Have you ever wondered why Harpo Marx never talked? There’s a story a friend told me, although I’ve never heard it anywhere else, that when the Marx Brothers were just getting their start in show business their first manager took their money and lost it at the racetrack. Harpo said, “I hope you go down in flames!” The next day the manager’s house burned and the other brothers decided it would be for the best if Harpo kept his mouth shut.
Years later when Groucho, Chico, and Harpo got together one last time to make A Night In Casablanca the studio wanted the silent partner to yell one word so they could put “Harpo speaks!” in the ad copy, but Harpo refused and they dropped the scene where he was supposed to yell “Fire!”
That’s what I thought about when I read that the opening of an exhibit by the South Korean artist Lee Bul at London’s Hayward Gallery was delayed because the art burst into flames.
The work called Majestic Splendour consists of fish—real fish—covered with sequins and plastic beads and because the smell of rotting fish made visitors sick at previous exhibitions the gallery added potassium permanganate to the fish.
Potassium permanganate, which, by the way, you can buy at hardware stores, is sometimes used to hide odors. I didn’t know this when I was a kid and added it to glycerin which, by the way, you can buy at hardware stores, and it would burst into flames which, by the way, is really cool to watch and you should do it with your kids, but that’s another story.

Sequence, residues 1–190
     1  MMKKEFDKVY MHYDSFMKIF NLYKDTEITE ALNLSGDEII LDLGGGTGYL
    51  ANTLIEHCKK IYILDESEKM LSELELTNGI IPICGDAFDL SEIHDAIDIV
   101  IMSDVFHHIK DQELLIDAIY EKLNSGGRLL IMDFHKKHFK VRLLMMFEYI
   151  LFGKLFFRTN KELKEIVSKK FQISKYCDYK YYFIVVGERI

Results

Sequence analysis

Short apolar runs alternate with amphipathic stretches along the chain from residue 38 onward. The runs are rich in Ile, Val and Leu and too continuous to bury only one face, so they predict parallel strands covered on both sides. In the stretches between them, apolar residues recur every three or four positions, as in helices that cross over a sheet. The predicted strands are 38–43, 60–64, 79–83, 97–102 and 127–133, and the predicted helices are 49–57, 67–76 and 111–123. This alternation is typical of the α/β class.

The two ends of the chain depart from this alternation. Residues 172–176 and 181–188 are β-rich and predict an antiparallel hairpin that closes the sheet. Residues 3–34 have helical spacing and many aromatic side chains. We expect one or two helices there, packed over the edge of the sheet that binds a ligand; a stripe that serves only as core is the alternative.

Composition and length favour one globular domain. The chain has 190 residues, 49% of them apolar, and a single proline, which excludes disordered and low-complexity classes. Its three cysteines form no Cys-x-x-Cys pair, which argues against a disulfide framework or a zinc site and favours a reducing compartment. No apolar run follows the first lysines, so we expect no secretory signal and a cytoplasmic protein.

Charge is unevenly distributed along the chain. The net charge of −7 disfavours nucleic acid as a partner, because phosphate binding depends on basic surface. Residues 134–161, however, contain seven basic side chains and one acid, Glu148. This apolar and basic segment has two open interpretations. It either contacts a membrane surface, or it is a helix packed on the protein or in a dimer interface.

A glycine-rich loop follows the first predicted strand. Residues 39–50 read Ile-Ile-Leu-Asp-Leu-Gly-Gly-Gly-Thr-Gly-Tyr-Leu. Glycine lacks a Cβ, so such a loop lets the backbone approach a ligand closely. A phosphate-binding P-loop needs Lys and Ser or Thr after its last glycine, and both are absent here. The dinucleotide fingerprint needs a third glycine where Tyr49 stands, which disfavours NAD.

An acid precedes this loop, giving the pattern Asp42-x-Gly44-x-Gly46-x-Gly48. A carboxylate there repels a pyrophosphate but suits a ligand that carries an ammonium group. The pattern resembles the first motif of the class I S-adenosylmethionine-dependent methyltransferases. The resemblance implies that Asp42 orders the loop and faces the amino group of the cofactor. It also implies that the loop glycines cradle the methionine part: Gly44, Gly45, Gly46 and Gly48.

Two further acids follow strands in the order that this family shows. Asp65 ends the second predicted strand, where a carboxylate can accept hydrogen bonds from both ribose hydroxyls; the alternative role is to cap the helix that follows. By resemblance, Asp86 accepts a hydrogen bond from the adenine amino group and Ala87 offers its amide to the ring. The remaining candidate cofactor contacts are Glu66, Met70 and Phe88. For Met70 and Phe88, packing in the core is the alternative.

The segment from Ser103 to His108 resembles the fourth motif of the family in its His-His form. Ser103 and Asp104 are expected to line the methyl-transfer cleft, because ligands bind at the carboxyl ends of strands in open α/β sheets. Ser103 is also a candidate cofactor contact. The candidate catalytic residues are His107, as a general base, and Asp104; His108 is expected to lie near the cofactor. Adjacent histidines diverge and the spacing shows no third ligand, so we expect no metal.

Apparently potassium permanganate can also burst into flames when added to rotting fish.
I know this is the sort of thing that prompts a lot of cheap jokes about modern art but making art and putting out there to the public, trying to make a statement, is a risky thing. It takes guts and sometimes those guts burst into flames and I’m not sure where I’m going with that, but I like Lee Bul’s work. One of her others, a silver zeppelin called Willing To Be Vulnerable is oddly eerie, suspended over a silver floor that blurrily reflects it.
I like the fish too. Suspended in mylar bags and decorated with beads they speak to me of the environment, the contrast between the rapidly rotting fish and the staying power of plastic. They’re also beautiful to me, and I never really noticed before how much a fish’s eye looks like a bead. Even the fire seems like a statement: heat can turn fish into food and plastic into toxic fumes.
So be careful about making cheap jokes about avant garde art because you just might go up in flames and, by the way, did you know Harpo Marx was a painter and an art collector?